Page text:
In a zero-sum game, one person’s win means another person’s loss. Luckily, we are living in a positive-sum world, meaning one person’s achievement can benefit and contribute to the success of those around them, and even all of humanity. This concept applies to scientific innovation, creativity, and even major political initiatives. This week we loved an article from Forbes that highlights three examples of collaborative international projects that benefited the entire globe:
Banning CFCs to protect the ozone
After the 1985 discovery that chlorofluorocarbons (CFCs) were extremely damaging to the ozone layer, the Montreal Protocol was created via the collaboration of 197 nations to ban these chemicals. The result? The world avoided 180 million cases of skin cancer that would have occurred without the protection of the ozone.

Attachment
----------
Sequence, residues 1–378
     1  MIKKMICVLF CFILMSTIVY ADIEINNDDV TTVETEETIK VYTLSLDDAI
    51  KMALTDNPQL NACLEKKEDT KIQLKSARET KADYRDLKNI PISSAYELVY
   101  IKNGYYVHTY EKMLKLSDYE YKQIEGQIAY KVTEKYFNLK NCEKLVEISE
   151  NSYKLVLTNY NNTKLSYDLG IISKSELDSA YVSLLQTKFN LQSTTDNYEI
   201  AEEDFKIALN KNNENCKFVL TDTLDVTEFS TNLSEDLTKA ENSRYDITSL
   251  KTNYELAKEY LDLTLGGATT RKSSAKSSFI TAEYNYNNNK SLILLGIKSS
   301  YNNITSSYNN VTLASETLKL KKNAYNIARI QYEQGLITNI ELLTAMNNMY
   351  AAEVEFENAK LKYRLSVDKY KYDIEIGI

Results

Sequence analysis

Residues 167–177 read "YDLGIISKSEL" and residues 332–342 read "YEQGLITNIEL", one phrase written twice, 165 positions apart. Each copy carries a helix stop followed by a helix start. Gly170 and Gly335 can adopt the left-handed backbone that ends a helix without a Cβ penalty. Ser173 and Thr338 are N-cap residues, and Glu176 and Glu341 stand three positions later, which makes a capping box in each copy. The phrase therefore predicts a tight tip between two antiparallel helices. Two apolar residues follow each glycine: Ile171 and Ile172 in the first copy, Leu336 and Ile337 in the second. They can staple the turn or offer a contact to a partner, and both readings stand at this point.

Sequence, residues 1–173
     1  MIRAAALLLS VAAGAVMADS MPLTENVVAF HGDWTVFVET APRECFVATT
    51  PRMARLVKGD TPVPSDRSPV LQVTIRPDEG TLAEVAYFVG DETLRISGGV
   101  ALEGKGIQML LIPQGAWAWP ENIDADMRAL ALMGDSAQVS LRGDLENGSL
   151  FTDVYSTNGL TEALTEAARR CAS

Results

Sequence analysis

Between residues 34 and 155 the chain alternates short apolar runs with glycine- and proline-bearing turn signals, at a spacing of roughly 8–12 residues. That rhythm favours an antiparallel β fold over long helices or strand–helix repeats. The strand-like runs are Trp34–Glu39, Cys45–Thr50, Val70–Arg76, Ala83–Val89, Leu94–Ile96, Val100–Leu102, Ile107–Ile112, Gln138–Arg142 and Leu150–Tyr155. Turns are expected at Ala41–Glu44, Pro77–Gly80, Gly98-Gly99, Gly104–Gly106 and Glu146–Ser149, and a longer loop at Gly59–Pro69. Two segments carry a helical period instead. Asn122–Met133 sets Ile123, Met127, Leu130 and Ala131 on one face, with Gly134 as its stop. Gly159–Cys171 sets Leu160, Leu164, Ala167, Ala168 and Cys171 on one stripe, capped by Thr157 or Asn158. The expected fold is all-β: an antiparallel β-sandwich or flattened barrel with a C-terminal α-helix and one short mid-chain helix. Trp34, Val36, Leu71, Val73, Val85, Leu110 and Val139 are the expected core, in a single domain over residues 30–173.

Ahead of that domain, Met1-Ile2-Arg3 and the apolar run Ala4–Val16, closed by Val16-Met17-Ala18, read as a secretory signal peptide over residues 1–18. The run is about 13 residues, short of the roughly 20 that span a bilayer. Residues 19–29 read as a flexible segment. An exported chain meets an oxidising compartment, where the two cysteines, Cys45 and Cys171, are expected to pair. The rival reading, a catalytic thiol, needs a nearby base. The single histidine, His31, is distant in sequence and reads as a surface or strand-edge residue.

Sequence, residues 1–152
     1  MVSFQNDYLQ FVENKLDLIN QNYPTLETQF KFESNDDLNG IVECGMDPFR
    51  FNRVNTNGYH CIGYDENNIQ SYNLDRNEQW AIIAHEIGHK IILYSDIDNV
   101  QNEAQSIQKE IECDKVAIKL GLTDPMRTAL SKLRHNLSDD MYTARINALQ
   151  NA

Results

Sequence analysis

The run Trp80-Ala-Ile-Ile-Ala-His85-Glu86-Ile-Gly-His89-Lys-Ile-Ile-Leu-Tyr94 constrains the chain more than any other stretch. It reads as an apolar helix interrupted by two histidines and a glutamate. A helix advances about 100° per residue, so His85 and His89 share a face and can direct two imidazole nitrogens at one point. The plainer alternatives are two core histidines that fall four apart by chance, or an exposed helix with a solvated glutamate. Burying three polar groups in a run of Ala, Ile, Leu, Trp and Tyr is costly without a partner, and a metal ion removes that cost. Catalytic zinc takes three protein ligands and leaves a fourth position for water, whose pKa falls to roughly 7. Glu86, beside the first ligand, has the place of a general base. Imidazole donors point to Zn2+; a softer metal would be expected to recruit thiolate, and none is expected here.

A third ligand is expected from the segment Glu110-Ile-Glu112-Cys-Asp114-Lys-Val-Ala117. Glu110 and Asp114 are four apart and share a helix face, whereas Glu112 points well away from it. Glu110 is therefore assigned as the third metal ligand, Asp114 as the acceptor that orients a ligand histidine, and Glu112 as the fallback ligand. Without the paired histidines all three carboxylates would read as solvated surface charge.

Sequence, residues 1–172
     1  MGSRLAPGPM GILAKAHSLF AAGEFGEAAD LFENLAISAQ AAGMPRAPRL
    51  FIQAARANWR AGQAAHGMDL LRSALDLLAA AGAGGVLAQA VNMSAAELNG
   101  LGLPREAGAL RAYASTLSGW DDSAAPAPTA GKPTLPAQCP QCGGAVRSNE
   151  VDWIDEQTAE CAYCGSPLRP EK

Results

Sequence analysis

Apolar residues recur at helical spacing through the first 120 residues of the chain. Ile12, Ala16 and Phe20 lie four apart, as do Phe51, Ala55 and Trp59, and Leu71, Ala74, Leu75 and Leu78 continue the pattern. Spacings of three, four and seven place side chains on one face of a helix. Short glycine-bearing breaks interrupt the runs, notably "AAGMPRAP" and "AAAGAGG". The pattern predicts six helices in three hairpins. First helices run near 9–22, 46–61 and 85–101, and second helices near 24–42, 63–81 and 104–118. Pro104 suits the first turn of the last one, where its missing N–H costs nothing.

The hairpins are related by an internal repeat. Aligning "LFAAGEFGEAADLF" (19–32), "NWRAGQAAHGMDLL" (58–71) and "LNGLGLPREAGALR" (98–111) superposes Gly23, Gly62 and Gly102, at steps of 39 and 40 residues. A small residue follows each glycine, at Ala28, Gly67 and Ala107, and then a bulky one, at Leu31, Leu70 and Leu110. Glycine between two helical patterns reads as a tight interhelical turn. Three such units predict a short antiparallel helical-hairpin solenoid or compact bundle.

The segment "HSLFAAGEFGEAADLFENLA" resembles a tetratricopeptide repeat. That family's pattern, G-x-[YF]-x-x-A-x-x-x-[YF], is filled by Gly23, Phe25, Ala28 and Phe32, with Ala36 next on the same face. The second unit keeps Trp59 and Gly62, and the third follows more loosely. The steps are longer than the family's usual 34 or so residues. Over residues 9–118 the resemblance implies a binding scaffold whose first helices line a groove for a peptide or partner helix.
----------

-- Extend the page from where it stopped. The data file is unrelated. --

The Human Genome Project
This project involved researchers from six countries and mapped out the entire genome of the Homosapien in order to better understand the human condition to diagnose and treat a wide variety of diseases.
The International Space Station
As its name implies, the Space Station has hosted astronauts from 18 different countries and allowed for a wide variety of scientific discoveries from innovations in robotics to treatments for muscular dystrophy.